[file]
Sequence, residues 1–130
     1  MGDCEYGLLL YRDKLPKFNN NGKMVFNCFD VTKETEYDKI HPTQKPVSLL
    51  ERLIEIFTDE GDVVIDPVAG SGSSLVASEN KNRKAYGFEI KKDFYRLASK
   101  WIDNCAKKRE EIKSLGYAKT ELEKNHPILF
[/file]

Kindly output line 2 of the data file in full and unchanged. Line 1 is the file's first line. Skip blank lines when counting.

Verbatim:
     1  MGDCEYGLLL YRDKLPKFNN NGKMVFNCFD VTKETEYDKI HPTQKPVSLL